Government document reveals National Parks will suffer under O’Farrell’s hunting plan

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Leaked O’Farrell Government documents have confirmed national parks will likely face falling visitor numbers, water contamination and even higher feral predator populations under its legislation to allow amateur hunting in national parks.

The Supplementary Pest Control in Parks Program – Draft Risk Assessment dated February 2013 (p44) confirms leftover animal carcasses will have serious environmental implications for our national parks, including:

Carcasses contaminating streams and water bodies;

Carcasses are likely to provide a supplementary food source to local predators and increase the populations of foxes, cats, wild dogs and pigs in national parks;

The dumping of carcasses near camping areas is likely to cause offensive odours;

An increase of scavenging animals around campgrounds; and

Visible carcasses in camping or day use areas may upset other parks users.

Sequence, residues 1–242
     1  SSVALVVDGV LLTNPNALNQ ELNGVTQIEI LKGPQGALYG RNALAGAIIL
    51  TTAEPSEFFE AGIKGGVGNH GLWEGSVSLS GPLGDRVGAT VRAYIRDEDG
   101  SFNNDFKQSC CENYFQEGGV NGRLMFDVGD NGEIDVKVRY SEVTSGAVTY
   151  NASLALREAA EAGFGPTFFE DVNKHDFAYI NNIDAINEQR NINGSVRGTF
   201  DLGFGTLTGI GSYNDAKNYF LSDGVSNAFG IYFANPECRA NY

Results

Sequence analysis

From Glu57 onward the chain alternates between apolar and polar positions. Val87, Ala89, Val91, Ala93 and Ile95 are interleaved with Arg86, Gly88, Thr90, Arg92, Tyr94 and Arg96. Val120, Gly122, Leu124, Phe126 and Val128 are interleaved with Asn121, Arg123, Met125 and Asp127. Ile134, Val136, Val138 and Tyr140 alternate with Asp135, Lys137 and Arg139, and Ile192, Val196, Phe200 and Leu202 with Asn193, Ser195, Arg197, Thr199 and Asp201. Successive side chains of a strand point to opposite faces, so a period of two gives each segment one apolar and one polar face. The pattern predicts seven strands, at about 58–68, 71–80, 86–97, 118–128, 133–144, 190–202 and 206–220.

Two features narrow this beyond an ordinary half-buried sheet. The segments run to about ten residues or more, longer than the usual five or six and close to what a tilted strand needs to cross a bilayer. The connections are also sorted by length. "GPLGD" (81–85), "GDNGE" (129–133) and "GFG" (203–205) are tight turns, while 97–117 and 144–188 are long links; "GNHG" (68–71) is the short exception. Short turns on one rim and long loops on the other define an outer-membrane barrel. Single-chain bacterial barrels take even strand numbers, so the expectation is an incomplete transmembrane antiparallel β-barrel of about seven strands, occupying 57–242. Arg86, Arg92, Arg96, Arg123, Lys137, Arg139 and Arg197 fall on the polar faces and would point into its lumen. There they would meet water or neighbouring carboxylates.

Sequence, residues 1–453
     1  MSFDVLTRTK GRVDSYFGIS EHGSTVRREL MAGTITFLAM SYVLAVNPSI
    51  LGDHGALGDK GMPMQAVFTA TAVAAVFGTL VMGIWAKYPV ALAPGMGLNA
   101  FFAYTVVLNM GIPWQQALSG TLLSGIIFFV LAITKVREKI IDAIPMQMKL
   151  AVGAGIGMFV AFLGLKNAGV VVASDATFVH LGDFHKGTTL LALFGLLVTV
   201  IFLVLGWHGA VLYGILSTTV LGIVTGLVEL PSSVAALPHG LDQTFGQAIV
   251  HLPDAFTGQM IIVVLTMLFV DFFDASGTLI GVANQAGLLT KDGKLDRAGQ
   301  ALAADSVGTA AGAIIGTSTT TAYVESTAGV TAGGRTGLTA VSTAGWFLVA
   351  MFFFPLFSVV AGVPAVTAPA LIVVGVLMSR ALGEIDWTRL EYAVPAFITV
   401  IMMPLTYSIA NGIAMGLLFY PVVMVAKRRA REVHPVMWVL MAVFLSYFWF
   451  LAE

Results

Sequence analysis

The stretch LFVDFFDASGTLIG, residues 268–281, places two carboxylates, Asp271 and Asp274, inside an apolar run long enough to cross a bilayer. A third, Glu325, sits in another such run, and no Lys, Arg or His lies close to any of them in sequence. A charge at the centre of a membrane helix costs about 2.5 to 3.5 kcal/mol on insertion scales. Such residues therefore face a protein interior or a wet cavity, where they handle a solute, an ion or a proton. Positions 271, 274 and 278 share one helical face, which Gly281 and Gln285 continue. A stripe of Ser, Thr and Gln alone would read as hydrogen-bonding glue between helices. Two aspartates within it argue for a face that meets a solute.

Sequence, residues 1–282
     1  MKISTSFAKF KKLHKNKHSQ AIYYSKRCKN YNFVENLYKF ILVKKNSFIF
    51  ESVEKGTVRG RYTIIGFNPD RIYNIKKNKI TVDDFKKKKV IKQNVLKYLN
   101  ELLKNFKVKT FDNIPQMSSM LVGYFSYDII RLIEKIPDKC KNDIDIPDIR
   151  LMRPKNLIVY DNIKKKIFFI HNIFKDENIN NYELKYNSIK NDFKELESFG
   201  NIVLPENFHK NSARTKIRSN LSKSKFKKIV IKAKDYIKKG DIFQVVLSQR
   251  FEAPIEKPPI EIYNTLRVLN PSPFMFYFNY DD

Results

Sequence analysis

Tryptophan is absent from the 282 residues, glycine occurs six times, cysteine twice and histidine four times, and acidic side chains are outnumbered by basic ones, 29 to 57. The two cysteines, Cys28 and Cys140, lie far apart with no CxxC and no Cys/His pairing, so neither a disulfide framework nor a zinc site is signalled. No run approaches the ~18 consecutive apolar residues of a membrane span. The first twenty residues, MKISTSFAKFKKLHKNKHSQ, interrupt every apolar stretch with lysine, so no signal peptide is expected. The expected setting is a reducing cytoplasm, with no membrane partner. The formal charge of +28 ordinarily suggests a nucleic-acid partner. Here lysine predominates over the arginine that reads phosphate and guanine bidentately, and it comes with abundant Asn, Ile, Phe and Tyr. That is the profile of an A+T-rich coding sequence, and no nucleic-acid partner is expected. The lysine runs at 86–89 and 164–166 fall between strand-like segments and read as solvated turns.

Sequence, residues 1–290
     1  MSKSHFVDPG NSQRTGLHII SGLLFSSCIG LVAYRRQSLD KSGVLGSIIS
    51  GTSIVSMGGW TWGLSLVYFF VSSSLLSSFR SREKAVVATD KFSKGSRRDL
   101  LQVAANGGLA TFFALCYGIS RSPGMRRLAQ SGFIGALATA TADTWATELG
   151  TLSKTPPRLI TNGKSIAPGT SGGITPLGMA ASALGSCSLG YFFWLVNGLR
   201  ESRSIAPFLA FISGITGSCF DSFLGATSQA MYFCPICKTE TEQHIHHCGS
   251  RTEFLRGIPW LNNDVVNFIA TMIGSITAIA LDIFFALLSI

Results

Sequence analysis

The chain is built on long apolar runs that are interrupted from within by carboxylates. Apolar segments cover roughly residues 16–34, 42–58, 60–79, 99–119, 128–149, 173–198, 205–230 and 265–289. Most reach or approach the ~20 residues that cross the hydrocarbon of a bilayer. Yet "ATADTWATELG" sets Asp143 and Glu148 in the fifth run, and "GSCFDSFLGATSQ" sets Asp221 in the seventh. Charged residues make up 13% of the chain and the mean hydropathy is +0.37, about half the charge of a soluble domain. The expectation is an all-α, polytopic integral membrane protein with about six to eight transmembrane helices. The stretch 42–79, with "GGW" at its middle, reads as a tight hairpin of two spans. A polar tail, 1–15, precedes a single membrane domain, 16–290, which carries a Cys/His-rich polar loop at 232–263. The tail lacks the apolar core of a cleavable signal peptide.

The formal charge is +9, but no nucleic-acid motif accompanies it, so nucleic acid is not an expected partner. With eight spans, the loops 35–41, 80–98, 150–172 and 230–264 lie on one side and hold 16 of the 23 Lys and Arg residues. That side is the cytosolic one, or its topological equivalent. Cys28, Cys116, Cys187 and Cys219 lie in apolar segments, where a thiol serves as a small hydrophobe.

The document also states visitor numbers in national parks could fall because:
“There may still be instances where the impacts of hunting, whether real or perceived, will negatively affect the visitor experience. For example, perceived threat to physical safety causing higher levels of anxiety, or localised noise impacts from firearms.” (p51)

“Legislation allowing amateur hunting in our national parks is dangerous, bad for our environment and must be reversed,” Shadow Environment Minister, Luke Foley said.

“Carcasses left behind by unsupervised hunters have the potential to have a devastating impact on our protected national parks, including contaminating water streams and water bodies.

“The large number of carcasses expected to be left behind by hunters could actually see the population of foxes, wild dogs and pigs increase in our national parks as the feral animals are provided with a new food source.

“It is no wonder the O’Farrell Government expects visitor numbers in our national parks to fall under this disgraceful legislation.

“The Government’s own risk assessment confirms national parks users may be anxious about nearby hunters and will likely be confronted with the sound of localised gunshots, visible carcasses and offensive odours.”